Mac Users Report Trying Times with Latest Update

 
 
By David Morgenstern  |  Posted 2004-05-28 Email Print this article Print
 
 
 
 
 
 
 

Reports of installation problems continued to surface online following Apple's Wednesday release of the Mac OS X 10.3.4 Update.

Following the release Wednesday of an update to Mac OS X 10.3, aka Panther, reports surfaced at Mac specialist sites of installation snafus. The updating problems appeared to come during the optimization phase of the Mac OS X Update 10.3.4 process. Some readers reported that the software presented a restart box before it had completed the optimization. Other reports said the computers presented a blank screen and then required a "hard" restart. For example, on the MacInTouch site, reader Paul Cook said he found problems with both Mac OS X 10.3.4 client and server installations.
"After restart, we began to notice that everything was not as it should have been," Cook said in his posting.
"One of the two machines was running Panther Server, and the admin utilities were reporting some errors—Open Directory was not happy. Then, we noticed that some applications would not launch. In this case, Safari and Disk Utility." "As with all Apples Mac OS X updates, MacInTouch readers have experienced a variety of positive and negative effects installing Mac OS X 10.3.4 Update, some of which can be mysterious," said MacInTouch editor and publisher Ric Ford, based in Maynard, Mass. "Standard troubleshooting procedures, such as repairing file permissions, may or may not help with problems." For insights on the Mac in the enterprise, check out eWEEK.com Executive Editor Matthew Rothenbergs Weblog.
According to Ford, readers who attempted installations using the standalone downloadable updater reported different results than those who used the automated Software Update application. Results also differed depending on whether they used the 39MB standard package of the update or the so-called "combo" package, which includes several security updates and weighs in at 79MB. "One important consideration is the security holes in Mac OS X that recently became public," Ford said. "Mac OS X 10.3.4 Update apparently includes some older security patches but not the very latest, and even the latest patch—Security Update 2004-05-24—still leaves some vulnerabilities open." Are Mac users and developers reconciled to security threats? Click here to read more. Apple Computer Inc. declined to comment on the reports of update problems. MacInTouch reader Cook said he wasnt sure of the cause. "However, manually installing the appropriate combo updater fixed the problem in both cases," he said. The Cupertino, Calif., maker packed the update with fixes and performance tweaks, including improved attachment handling by the Mail application and more robust synchronization with iPods. Apple said the update also fixes a known issue in which the system would not run scheduled processes if a machine was asleep at the scheduled times. With the update, the OS will now run these items, such as automated backups or Software Update checks, when the computer awakes. The update also beefs up support for OpenGL and OpenGL-based acceleration. The Mac OS now supports the standards Vertex Buffer and Replaceable OpenGL entry points, which can move vertex data handling to the video card, rather than relying on the main CPU. In his Weblog, game developer Brad Oliver said the addition of this Vertex Buffer Object (VBO) support would make programming easier. "Sometime in the future, when our games go 10.3 and up—most are 10.2 and up right now—we wont have to worry about writing [the older] VAR code. We can just stick with VBO, which will make the development time that much shorter." Check out eWEEK.coms Macintosh Center at http://macintosh.eweek.com for the latest news, reviews and analysis about Apple in the enterprise.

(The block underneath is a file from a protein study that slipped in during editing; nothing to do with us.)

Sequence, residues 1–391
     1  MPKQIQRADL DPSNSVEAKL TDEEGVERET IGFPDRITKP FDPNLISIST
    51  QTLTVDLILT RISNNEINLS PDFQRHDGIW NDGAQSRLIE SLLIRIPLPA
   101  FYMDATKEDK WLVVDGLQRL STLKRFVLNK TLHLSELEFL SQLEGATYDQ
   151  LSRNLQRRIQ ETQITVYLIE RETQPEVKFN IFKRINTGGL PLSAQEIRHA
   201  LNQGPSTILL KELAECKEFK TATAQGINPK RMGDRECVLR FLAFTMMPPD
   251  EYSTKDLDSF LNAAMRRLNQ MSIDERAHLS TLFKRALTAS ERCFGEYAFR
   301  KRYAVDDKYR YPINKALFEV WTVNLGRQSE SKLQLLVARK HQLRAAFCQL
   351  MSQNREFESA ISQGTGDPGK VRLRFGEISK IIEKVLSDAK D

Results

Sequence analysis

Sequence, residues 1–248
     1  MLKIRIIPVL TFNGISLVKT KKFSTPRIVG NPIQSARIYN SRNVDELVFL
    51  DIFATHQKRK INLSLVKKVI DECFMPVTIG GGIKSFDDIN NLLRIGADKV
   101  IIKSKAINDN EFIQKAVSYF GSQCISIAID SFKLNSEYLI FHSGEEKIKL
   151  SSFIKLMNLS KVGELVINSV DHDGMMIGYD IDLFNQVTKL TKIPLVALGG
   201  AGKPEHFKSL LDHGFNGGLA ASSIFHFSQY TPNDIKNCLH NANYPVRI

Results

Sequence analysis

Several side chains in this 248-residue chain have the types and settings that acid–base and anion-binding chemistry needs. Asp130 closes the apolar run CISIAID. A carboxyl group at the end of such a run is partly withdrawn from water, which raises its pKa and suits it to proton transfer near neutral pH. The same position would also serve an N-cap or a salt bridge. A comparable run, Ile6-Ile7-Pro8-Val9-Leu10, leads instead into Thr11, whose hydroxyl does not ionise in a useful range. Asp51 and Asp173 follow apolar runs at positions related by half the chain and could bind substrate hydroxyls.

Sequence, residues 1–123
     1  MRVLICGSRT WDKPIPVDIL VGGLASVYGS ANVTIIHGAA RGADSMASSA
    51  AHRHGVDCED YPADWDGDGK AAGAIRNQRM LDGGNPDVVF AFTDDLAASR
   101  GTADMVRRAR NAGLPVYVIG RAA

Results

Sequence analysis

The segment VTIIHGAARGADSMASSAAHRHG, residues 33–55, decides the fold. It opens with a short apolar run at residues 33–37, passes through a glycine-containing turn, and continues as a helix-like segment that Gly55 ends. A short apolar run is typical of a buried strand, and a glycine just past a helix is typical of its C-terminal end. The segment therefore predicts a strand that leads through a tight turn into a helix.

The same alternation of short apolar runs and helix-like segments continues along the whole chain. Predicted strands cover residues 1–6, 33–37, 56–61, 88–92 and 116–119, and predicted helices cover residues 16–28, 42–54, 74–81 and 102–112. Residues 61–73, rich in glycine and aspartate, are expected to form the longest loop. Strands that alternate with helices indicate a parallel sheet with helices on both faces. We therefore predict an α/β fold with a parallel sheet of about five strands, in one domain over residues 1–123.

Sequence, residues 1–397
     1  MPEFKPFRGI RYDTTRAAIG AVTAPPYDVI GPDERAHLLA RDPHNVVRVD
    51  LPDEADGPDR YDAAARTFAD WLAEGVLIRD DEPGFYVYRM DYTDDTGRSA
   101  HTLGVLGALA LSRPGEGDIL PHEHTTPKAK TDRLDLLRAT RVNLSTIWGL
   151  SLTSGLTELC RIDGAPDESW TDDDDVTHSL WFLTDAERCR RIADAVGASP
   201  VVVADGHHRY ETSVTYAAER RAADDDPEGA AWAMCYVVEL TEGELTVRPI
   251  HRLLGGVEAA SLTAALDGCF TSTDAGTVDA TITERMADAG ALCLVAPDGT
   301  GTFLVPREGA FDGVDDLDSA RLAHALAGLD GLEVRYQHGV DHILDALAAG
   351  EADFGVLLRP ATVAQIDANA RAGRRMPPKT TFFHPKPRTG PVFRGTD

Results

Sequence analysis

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David Morgenstern is Executive Editor/Special Projects of eWEEK. Previously, he served as the news editor of Ziff Davis Internet and editor for Ziff Davis' Storage Supersite.

In 'the days,' he was an award-winning editor with the heralded MacWEEK newsweekly as well as eMediaweekly, a trade publication for managers of professional digital content creation.

David has also worked on the vendor side of the industry, including companies offering professional displays and color-calibration technology, and Internet video.

He can be reached here.

 
 
 
 
 
 
 

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